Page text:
slides - Yin Lab @ NIU

Install external
command line softwares
Yanbin Yin
Fall 2014
Homework #8
Create a folder under your home called hw8
Change directory to hw8
Copy the faa file and ptt file you’ve downloaded from NCBI ftp site in hw7 to hw8
Create unix one-liner (piping different commands) to count how many proteins are
there in the faa file and save the protein gi numbers (just the gi) in a file
Create unix one-liner (piping different commands) to process the ptt file and count
how many genes are located in the positive strand and how many in the negative
Write a report (in word or ppt) to include all the operations/commands and screen shots.
Office hour:
Due on Nov 24 (send by email)
Tue, Thu and Fri 2-4pm, MO325A
Or email: [email protected]
Programs/tools we often use
SRA toolkit
On WINDOWS, you download some softwares usually in exe format. You double click on
some icon and windows installer will do the rest for you. Usually you will be asked: where
you want to have this program installed to (C:\WINDOWS\Programs\)
On Linux, it’s very different. You download the software package, usually in compressed
format (.gz or .zip). You have to type in a series of commands to install it, often write it to a
system folder (e.g. /usr/bin), which you don’t have access unless you are the root user
Linux-based program types
• Source codes in C, C++, Java, Fortran etc.
– Need to be compiled before execute the command
• Precompiled executables or binary codes
• Source codes in scripting languages (perl, python,
R etc.)
– Can execute directly
Many programs need dependencies (if order to install program A, you need
install B first …)
On your own ubuntu machine …
Not on Ser
• You are the root (administrator) and using the sudo
command you can install anything you want into the system
directory (/usr/bin/, /bin/, /lib/ etc.)
– apt-get (Advanced Packaging Tool) can do many installations for
you from source or binary codes
• On Ser, you are not the root and you can only install things
under your home using the “hard” way
– Download->unpack->install->edit PATH environmental variable
– Make sure you create folders for each tools, e.g.
Install BLAST on your own machine
Not on Ser
[test if installed]
sudo apt-get install blast2
[test if installed]
[where it installed]
which blastall
[if you want to uninstall]
sudo apt-get remove blast2
[test if it’s gone]
[new version of blast]
sudo apt-get install ncbi-blast+
Use apt-get to install
lftp, emboss, hmmer, bioperl, clustaw, muscle, R
sudo apt-get install xxx
[to test if installed, type in the command]
On your own MAC
Install Xcode, then C compiler, then you can install Mac port
With mac port, you can install
wget: sudo port install wget
lftp: sudo port install lftp
hmmer: sudo port install hmmer
emboss: sudo port install emboss
R: sudo port install R
Install programs using the hard way
(your are NOT the root)
Usually when a bioinformatics tool is released, the tool package also includes a
readme/install/manual file in addition to the program itself.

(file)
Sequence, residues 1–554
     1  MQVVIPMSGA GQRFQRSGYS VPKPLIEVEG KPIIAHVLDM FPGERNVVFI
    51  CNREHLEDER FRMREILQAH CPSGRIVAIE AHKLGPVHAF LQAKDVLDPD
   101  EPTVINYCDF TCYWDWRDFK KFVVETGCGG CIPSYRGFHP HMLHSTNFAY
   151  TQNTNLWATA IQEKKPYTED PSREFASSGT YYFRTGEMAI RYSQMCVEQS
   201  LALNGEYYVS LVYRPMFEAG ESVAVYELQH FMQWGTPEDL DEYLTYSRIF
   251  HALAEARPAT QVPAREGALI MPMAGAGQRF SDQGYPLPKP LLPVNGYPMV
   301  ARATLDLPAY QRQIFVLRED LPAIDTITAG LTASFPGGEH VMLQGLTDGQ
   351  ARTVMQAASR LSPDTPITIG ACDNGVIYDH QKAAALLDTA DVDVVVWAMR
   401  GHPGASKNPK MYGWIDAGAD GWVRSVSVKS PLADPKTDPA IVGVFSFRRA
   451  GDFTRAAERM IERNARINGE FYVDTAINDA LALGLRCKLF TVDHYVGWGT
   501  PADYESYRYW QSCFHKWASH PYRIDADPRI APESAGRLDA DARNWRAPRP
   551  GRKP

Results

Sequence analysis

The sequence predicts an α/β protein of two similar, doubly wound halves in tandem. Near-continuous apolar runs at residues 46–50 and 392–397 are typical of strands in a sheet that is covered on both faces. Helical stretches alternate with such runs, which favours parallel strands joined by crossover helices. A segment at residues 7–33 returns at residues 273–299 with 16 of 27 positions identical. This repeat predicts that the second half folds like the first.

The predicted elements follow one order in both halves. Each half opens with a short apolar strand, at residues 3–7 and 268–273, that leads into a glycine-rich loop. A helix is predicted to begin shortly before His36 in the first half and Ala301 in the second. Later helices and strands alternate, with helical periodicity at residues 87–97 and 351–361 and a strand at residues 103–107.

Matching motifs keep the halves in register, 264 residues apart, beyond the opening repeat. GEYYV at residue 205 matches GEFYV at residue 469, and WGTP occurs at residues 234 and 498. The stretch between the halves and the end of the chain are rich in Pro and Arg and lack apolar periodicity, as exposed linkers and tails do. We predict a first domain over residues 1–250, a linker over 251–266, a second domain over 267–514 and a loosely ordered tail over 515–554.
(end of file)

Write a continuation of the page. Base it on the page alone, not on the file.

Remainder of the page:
In most cases, there are more than one files in the program folder.
Some times you will see files in multiple different languages.
The readme or install file will tell you how to install the tool.
Basic steps: download the package -> unpack (untar, unzip) -> read the readme ->
Install BLAST using the hard way
We will download executables of BLAST
BLAST is written C and C program needs to be compiled to get executable program
get ncbi-blast-2.2.30+-x64-linux.tar.gz
Now you returned to Ser
ls -l
mkdir tools
cd tools
mkdir blast
mv ../ncbi-blast-2.2.30+-x64-linux.tar.gz blast
cd blast
Unpack the tar ball
tar -zxf ncbi-blast-2.2.30+-x64-linux.tar.gz
ls -l
cd ncbi-blast-2.2.30+/bin
ls -l
./blastp -h
Now return to your home
blastp -h
You will be told that command is not found. The reason is that blastp is not in your current
path. You have to give the full path to run it in your home
What if you don’t want to type this long path? You can add it to a hidden file in your home
called .bashrc where Shell auto execute every time you log in: Shell will be notified that
when you call blastp, go to that folder to find it.
You are at your home
nano .bashrc
Add the following in the beginning of the file
export PATH="$PATH:$HOME/tools/blast/ncbi-blast-2.2.30+/bin"
Now exit from nano and do the following
. .bashrc
blastp -h
Environment variable
An environment variable is a named object that contains data used by one or
more applications. The value of an environmental variable can for example be
the location of all executable files in the file system, the default editor that
should be used, or the system locale settings. Users new to Linux may often
find this way of managing settings a bit unmanageable. However,
environment variables provides a simple way to share configuration settings
between multiple applications and processes in Linux.
env to list all built-in environment variable
PATH is a very important environment variable. This sets the path that the
shell would be looking at when it has to execute any program. It would search
in all the directories that are defined in the variable. Remember that entries
are separated by a ' : ' . You can add any number of directories to this list.
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